Now that I’ve had time to really work on my recording techniques, I’ve finally decided which instrument is hardest for me to record. At first, I thought it might be drums, as multiple mics are needed and getting the tone of the drums without all the excess noise in the room seemed like it would be really hard. Then, I thought, maybe vocals would be really hard to record, or piano. But no, the hardest instrument (for me) to record are guitars; specifically distorted guitars.

Recording Guitar

The struggle I always have is that the frequencies I usually want to boost with distorted guitars (300Hz – 750Hz range) muddy up the mix, but when I take them out some, the beefiness of the guitars dissipates with the surrounding instruments and vocals. It’s a fine line to walk, and I have to always tread lightly. What’s funny is that the drums are my favorite (and easiest) to record. In addition to the frequencies, actually recording guitars and the methods used changes drastically from instrument to instrument. I’ve found the best method for my studio (obviously adjustments are made during the process, but this is a general starting point) is to plug into an emulated line output (if available), have a directional mic in front of the best sounding speaker in the amp (at a slight angle to the speaker), and a room mic about 4 feet back and directly in front of the amp. That way, I can get a thick sound, and multiple tones that the guitar produces, from the microphones, while getting clarity from the emulated line output. This is usually a great starting point to recording guitars.

What is your hardest instrument to record? How did you work around it? Also, which is your favorite/best?

Reaper – Review

Posted: October 8, 2013 in Uncategorized

Ok, I’ve wanted to do this for a while, but was waiting to really get a lot of usage with the program. I feel it is time to review Reaper, by Cockos…

So, to start off, this program is very user friendly with what you can do with it. You can fully customize your experience with the program; the way you use it (and the way it looks) can greatly vary from user to user. This is very intimidating at first, especially being new to the program. But luckily the forums online care very helpful and you will be able to learn the program basics fairly quickly.

This DAW also works with a variety of peripherals. I can use my newer, Audiovox 1818 and it work just fine; I can then connect my Mackie analog mixer up in the same way, and it finds the drivers automatically. This is very helpful, especially if you’ve accumulated more and more equipment over the years.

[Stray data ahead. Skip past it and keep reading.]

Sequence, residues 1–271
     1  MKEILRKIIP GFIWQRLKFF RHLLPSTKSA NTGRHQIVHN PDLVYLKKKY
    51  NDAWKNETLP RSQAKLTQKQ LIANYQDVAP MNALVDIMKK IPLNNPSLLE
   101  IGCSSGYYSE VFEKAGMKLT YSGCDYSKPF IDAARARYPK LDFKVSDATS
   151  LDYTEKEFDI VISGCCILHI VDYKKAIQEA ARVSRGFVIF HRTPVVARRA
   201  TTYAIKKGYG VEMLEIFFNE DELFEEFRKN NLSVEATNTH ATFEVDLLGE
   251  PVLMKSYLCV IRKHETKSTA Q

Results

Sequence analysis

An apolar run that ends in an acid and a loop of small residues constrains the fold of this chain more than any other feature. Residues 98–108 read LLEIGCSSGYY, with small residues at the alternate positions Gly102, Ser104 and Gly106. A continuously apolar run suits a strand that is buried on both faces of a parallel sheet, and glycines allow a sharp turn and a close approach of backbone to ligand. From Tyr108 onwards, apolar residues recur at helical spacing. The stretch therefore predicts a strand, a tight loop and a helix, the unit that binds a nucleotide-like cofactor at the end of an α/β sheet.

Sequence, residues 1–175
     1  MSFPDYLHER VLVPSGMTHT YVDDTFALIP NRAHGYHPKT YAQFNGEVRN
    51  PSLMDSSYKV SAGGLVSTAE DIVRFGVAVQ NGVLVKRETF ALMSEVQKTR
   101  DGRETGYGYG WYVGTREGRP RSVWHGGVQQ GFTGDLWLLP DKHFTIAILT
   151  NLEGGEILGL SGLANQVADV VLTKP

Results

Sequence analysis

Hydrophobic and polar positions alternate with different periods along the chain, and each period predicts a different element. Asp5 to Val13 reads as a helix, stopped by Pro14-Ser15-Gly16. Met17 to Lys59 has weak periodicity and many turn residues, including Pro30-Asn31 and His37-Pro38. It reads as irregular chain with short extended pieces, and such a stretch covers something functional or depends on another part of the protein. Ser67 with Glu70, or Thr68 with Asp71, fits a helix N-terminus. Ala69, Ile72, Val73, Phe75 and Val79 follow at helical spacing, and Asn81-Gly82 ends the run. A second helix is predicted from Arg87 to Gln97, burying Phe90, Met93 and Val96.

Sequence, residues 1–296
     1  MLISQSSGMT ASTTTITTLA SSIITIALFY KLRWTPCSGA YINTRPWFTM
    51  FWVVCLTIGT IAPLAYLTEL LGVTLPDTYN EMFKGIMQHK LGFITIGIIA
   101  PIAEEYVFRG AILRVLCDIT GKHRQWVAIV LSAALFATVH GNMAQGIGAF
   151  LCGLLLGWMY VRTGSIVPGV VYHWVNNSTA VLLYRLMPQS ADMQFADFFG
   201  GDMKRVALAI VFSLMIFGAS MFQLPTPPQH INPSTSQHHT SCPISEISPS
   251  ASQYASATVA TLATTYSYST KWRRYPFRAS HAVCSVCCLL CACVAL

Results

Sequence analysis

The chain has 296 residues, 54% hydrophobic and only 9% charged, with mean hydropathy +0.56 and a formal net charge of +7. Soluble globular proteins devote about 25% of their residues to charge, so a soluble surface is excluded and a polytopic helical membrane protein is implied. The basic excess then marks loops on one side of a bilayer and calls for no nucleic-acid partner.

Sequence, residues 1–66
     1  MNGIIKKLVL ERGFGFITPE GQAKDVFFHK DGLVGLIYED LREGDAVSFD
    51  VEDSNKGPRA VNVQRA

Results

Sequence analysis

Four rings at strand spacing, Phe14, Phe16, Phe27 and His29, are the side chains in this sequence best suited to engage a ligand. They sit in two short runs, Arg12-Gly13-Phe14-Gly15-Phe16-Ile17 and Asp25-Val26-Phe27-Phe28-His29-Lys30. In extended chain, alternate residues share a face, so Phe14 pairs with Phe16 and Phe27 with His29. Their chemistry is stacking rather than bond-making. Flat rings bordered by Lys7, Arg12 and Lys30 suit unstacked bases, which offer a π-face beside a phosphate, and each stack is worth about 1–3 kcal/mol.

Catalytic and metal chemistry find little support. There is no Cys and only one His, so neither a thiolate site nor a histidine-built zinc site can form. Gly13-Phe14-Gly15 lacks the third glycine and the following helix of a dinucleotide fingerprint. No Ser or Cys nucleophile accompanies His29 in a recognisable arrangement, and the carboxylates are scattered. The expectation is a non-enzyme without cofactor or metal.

I do have to say this: if you are looking for a DAW that can do composition, and do it fairly easily, THIS IS NOT THE PROGRAM FOR YOU. I love this program, but for compositional works, I would suggest a DAW like Logic. And if you are looking for a program that relies heavily on making beats (techno, house, rap, etc), I would look elsewhere as well. You can make beats and whatnot in Reaper, but I’m sure there are more fluid programs out there. All that being said, Reaper is phenomenal for recording, mixing, and mastering, and can do A LOT. In fact, Reaper comes with so many good in-program plugins that I have rarely looked elsewhere for additional plugins. You want a drum trigger to go along with your snare? There’s and awesome plugins for that built in. How about a huge delay that doesn’t lost it’s clarity? There’s another awesome plugin for that. Also, are you familiar with GarageBand and many of the settings/plugins used with that? That’s right: Reaper has an “AU” plugin section to use most (not all) of those plugins; any that are missing from the list have Reaper equivalents that are just as good, if not better.

I must admit, that when my buddy first recommended it to me (he does a lot of live mixing/recording), I wasn’t very interested. But now, I can’t shut up about this program! In addition, if you’re on a budget, this is perfect for you; selling for a mere $60. I highly recommend this program: comes with the versatility and most of the same options as a powerhouse like Pro Tools (NOT all options, but a lot of them), is easier to use then most other complex DAWs, and has the price for a new sound engineer. Oh, and did I mention it works for both Mac and PC? I didn’t. Well, it does! Reaper is worth a look, so try the free trial version by clicking here.

Know Your Program

Posted: September 27, 2013 in Uncategorized
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Now that I’ve spent a lot of time with Reaper (awesome program, by the way), it’s amazing the things I can do now. When I did my first recording, it was rough, to put it lightly. And the mixing/mastering process was even more so. I wanted to pull my hair out. But I stuck with it.

I recorded two of my own songs, with the purpose of learning my DAW and getting to be proficient with it. Now that Iv’e spent a chunk of time with Reaper, I’m going back to my previous recordings, and it is SO much more enjoyable of an experience. And I listen to what I had done before, and what I can do now; the difference is kind of humiliating and awesome at the same time.

I guess the point of this random post is to choose your DAW and stick with it! Don’t give up, and just continue to work out the bugs. It seems like every DAW get more and more customizable to each user as well, so be diligent and know your program; don’t give up!

Taking the Steps

Posted: September 24, 2013 in Uncategorized